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No, the U.S. Navy Isn’t Battling Breast-Cancer With Pink Fighter Jets—But Israel Is

Monday, October 31, 2016 11:18
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(Before It's News)

Pink-themed awareness campaigns—including cynical and cringe-worthy ones—have been a staple of the battle against breast cancer in America for decades. This sort of consciousness-raising has jumped the proverbial shark so many times that it’s hard to believe it can keep getting worse, and yet ready to assuage our doubts… the U.S. government is here to help! Or at least so reported Slate and others last week.

“Like breast cancer, fighter jets kill women, making these instruments of war perfect on-message vehicles for the deadly weapons of awareness,” quipped Christina Cauterucci at Slate. “They will fly through the skies, blasting tumors and lack-of-awareness with their missiles, bringing pink death and pink destruction and pink civilian casualties and pink refugee crises and pink destruction of cultural heritage wherever their noble cancer-aware pilots lead.”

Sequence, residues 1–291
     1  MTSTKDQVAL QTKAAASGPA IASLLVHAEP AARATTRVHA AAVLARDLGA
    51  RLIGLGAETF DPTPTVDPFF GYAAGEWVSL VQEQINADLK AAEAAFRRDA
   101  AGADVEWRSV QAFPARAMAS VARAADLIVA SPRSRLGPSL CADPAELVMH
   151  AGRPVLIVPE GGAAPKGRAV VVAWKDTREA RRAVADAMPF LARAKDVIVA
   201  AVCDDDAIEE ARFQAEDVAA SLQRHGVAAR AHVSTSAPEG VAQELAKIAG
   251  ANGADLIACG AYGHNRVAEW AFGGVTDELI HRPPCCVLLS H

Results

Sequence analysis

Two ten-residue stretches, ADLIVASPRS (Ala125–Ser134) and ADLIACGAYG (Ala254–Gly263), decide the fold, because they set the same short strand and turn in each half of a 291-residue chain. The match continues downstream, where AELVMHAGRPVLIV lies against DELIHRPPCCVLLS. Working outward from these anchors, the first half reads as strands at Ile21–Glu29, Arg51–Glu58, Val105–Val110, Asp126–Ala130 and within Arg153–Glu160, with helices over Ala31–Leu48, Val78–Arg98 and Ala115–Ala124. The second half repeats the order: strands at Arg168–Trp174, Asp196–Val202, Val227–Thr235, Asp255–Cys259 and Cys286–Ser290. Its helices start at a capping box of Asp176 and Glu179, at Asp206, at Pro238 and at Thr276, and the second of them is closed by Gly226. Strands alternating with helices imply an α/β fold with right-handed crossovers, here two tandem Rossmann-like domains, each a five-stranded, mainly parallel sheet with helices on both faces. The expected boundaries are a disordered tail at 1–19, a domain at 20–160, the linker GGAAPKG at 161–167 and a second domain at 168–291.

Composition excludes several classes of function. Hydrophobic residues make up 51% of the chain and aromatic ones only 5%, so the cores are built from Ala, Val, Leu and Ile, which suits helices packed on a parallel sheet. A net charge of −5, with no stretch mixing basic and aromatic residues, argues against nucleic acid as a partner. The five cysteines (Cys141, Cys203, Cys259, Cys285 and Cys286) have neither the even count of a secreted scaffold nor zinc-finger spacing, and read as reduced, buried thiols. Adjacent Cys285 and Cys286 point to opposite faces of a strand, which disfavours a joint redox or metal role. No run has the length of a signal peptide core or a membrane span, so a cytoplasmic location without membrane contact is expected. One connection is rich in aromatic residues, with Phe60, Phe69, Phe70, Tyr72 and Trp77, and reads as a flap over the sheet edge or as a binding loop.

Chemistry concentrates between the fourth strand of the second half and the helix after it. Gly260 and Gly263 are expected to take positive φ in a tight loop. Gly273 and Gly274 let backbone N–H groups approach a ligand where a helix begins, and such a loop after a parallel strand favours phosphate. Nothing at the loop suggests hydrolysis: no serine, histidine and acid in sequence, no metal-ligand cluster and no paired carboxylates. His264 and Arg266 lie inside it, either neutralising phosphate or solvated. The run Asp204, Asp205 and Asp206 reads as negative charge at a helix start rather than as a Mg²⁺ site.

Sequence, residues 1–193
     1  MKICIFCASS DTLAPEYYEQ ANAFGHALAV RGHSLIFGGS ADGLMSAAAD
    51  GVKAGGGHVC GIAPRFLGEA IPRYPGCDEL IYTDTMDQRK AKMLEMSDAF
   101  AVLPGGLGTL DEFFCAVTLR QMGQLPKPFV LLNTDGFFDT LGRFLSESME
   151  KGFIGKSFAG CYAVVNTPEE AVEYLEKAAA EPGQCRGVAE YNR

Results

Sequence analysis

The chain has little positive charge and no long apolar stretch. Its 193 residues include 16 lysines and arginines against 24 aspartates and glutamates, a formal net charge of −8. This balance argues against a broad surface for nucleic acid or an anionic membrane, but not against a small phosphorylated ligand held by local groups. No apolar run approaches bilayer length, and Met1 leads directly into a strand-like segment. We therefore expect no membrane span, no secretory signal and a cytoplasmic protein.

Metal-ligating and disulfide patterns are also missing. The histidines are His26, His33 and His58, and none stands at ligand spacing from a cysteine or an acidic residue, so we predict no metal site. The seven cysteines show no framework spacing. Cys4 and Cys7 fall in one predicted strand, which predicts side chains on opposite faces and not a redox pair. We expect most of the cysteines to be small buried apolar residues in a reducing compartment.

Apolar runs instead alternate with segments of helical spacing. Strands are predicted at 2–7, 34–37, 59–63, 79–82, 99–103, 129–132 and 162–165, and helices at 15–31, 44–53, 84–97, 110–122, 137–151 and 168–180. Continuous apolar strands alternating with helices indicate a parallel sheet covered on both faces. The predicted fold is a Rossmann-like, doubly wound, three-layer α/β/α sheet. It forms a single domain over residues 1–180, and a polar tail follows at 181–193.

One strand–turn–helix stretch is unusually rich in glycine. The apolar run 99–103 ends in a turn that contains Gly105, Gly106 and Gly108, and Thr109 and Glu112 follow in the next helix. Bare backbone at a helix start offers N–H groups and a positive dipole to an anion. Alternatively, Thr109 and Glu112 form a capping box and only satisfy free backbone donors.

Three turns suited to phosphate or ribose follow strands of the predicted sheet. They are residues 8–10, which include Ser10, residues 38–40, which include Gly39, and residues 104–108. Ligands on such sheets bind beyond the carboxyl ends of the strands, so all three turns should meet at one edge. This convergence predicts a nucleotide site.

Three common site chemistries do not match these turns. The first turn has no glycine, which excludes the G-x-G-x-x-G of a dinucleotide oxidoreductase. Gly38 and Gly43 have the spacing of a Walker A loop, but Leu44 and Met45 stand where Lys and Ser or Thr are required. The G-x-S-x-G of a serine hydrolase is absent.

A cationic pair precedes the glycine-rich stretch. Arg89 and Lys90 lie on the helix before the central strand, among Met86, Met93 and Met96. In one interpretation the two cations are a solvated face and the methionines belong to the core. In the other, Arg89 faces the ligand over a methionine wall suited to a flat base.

I was prepared to share in Cauterucci’s outrage… until I spent a few more minutes reading about the pink plane. It turns out the “Heliconia”-pink F9F-8 Cougar won’t actually be taking to the airways to rain death. In fact, it has naught to do with the U.S. Navy in any official capacity. Throughout October, the pink Cougar lived aboard the USS Lexington, a decommissioned naval ship turned private Texas military museum.

“Representatives from the USS Lexington Museum picked a fighter plane to symbolize all of the people that have fought and continue to fight the battle against cancer,” KIII News reported. According to Rusty Reustle, USS Lexington director of operations and exhibits, dish-washing liquid was added to pink latex paint so it could be easily removed later, a technique he got from the movie Pearl Harbor, which was partially filmed aboard the museum-ship.

So, thankfully, the American military hasn’t (yet) decided to paint an instrument of war a festive shade of pink as a way to say “let’s save lives!” But Israel’s has. On October 27, the Israeli Air Force tweeted a photo of the pastel pink fighter jet, with the message “We are #Pink. @breastcancernow #BreastCancerAwareness”

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